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Tax Reform – What Can You Change? What Must You Accept?

By: Frank Byrd
Harvest Exchange
December 22, 2017

Tax Reform – What Can You Change? What Must You Accept?

“God, grant me the serenity to accept the things I cannot change,

Courage to change the things I can,

And wisdom to know the difference.”

– Reinhold Niebuhr

The above passage, which many will recognize as the abbreviated Serenity Prayer, was first penned by the theologian Reinhold Niebuhr for his Massachusetts congregation as early as 1934.* Coincidentally 1934 was also the year that President Franklin D. Roosevelt signed into law the Revenue Act of 1934, which raised marginal tax rates for individual Americans.**

Earlier today President Trump signed the Tax Cuts and Jobs Act of 2017 (Tax Reform). We think the best approach is to view today's tax reform in the spirit of Niebuhr’s prayer: Recognizing that most of the reform falls into the category of things we cannot change, we must therefore try to focus on the small parts that we can.

While the Tax Reform will provide tax cuts for many Americans, it may create complications - or even higher taxes - for some. This creates anxiety as people rush to figure how they will be affected individually. What actions should you take? What change is within your power to improve your own situation? With that in mind, we’ve created the following list of changes to contemplate:

Top Tax Planning Changes to Consider:

Consider deferring income into 2018: Starting next year, marginal tax brackets should provide some reduction in marginal tax bracket for most tax payers. Thus, to the extent it’s possible, shifting income from 2017 to 2018 may be advantageous.

Reconsider buying that “big” house: The 2017 Tax Reform caps the deductibility of mortgage interest to the first $750,000 of debt principal. The decision of buying a home naturally extends beyond tax considerations. However, if you’re contemplating taking on a new or bigger mortgage, realize that the math has changed.

Consider bundling deductions into a single year: Because Tax Reform will increase the Standard Deduction to $12,000 for individuals and $24,000 for married couples, the hurdle for claiming itemized deductions will be higher. As a result, it may be advantageous to “bundle” deductions into a single year.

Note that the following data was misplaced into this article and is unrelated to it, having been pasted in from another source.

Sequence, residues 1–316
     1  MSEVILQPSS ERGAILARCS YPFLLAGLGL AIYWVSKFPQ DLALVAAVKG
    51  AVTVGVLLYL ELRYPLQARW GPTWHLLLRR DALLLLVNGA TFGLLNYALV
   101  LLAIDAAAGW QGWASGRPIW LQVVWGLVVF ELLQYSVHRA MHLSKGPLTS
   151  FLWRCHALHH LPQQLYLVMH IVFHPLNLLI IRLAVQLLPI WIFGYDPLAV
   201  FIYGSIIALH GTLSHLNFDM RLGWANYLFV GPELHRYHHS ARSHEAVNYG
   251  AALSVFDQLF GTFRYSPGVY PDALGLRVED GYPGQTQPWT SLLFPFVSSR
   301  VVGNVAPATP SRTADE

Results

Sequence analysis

Consider paying 4th quarter 2017 estimated property taxes before year end: Tax Reform will limit the deductibility of state and local property and income taxes up to a cap of $10,000 for joint filers. While prepayment of 2018 liabilities is not allowed, you can pay 4th quarter 2017 estimated taxes by the end of 2017 to use as a deduction in 2017.

Consider potential medical expense deductions before 2019: Tax Reform temporarily reduces the threshold for medical expense deductions from 10% of Adjusted Gross Income (AGI) to 7.5% but only for 2017 and 2018. This reduction also applies to the medical expense deduction for Alternative Minimum Tax purposes. For those who have or are considering eligible expenses, it may be advantageous to use them during this period.

It’s important to note that your individual tax situation is unique. The above strategies may not be appropriate for you. Consult with your tax professional before year-end to discuss these strategies and determine if any are in your best interest.

Please reach out if we can be helpful to you or someone you know as you navigate the tax and investment landscape in 2018. Yours in the Field,

Peter Cook, CFP®, CFA



Disclaimer: While the information presented herein is believed to be accurate, Fielder Capital Group LLC (Fielder) makes no express warranty as to the completeness or accuracy, nor can it accept responsibility for errors appearing in the document. Fielder is under no obligation to notify you of any errors discovered later or of any subsequent changes in opinions. Nothing herein should be construed as a recommendation to buy or sell any of these securities. It should not be assumed that any of the securities, transactions, or holdings discussed will prove to be profitable in the future or that investment recommendations or decisions Fielder makes in the future will be profitable or will equal the investment performance of the securities discussed herein. Fielder or its employees may have an economic interest in securities mentioned herein.

Originally Published at: Tax Reform – What Can You Change? What Must You Accept?